Strawberry Freezer Jam

I first heard of freezer jam this summer. A digi-scrapping friend of me that lives near some berry farms was talking about making freezer jam after taking her kids to pick berries. Hmmmm. Freezer jam?

So I looked it up and it seemed simple enough that I thought I should try it. We are trying to eat less high-fructose corn syrup these days and wouldn’t you know, it’s hard to find jams and jellies that don’t incorporate this ingredient at the store. I also went looking for some pick-your-own farms in our area. There are some for peaches, plums and blackberries, but most of them experienced damage to their crops from that freakishly late freeze that I caused.

Anyway, I was able to get some peaches two weekends ago at the local farmer’s market. I made freezer jam from those. Only problem was, the jam didn’t set real well, so it’s more like peach syrup. S’okay, though. Still tastes good!

After finding a great deal on strawberries and peaches yesterday at the store I stocked up and we made strawberry freezer jam today.

We started with the strawberries.

Fresh berries

Fresh berries

After inspecting the berries and removing any that had gone bad we threw the rest into the sink for a quick wash.

Strawberry Bath Time

Strawberry Bath Time

I let them soak for a bit while I assembled my other supplies – 2 glass bowls, a paring knife, large measuring cup, cutting board, sugar, pectin, straws, plastic freezer jars, and a potato masher. After a good rinsing I started to core the berries – using a straw.

Core the strawberries with a straw.

Core the strawberries with a straw.

I had some volunteers to help me with this job.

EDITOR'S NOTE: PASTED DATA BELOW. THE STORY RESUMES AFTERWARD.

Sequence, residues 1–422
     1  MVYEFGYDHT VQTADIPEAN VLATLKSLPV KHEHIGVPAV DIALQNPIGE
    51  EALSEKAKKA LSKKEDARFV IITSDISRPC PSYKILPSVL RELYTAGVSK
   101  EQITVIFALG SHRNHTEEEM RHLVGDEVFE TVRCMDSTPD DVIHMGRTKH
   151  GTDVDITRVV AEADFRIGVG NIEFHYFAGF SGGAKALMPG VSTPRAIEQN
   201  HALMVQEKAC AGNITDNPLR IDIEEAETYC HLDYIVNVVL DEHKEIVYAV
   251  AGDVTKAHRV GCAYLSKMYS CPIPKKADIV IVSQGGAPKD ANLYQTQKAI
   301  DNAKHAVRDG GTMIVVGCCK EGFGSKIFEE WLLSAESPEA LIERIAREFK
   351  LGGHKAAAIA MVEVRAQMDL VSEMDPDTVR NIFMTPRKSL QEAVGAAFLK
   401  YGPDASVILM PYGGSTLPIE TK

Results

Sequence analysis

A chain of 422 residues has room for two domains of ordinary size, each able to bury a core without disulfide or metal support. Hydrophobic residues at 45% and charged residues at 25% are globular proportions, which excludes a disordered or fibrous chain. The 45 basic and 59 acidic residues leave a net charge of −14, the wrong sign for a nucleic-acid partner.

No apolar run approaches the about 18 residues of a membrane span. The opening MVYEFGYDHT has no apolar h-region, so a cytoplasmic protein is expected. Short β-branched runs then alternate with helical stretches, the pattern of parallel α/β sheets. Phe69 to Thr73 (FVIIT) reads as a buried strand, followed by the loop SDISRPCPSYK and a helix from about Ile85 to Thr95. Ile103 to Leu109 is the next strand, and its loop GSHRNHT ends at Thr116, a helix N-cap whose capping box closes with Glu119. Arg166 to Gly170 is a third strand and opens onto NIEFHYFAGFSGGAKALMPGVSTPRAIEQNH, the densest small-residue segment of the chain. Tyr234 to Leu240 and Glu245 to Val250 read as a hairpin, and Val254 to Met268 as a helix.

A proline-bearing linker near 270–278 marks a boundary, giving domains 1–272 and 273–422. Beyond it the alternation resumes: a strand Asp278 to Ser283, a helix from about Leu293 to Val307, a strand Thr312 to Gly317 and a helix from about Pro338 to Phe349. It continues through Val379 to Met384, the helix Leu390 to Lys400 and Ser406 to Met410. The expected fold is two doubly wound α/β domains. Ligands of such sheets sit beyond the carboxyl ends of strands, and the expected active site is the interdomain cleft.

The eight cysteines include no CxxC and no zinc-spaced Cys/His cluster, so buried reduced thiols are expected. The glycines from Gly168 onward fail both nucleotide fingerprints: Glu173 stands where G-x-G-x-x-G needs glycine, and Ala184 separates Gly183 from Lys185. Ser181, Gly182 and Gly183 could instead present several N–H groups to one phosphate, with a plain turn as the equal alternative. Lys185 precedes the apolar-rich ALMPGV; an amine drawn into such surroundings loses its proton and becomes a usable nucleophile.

Hollywood cores strawberries

Note the strawberry juice on her face. Hazard of the job, I suppose.

MOTS cores berries

MOTS cores berries

While the girls cored the berries I started cutting them up. I inspected them again and removed any bruised spots and cut them into pieces that were about 1-inch in size and dropped them into a bowl. When the bowl was about half-full I used a potato masher to mash up the berries.

Mashing the berries

Mashing the berries

Once the berries were completely mashed I poured them into a 4-cup measuring cup. My recipe (from the back of the pectin packet) called for 4 cups of mashed fruit. We repeated this process until we had 4 cups of crushed berries. Then, I followed the packet directions to combine the sugar and pectin before adding the berries. Stir the mixture.

Finally, ladle the sweet, sticky mixture into freezer jars.

Fresh jam

Fresh jam

Then I left the jars, closed to sit on the counter for 30 minutes, as instructed. I think someone must have come through the kitchen and stacked the jars for me.

Pyramid of jam

Pyramid of jam

It definitely seemed thicker than the peach “jam” from last week. I think next I’ll try making the kind that requires cooking.

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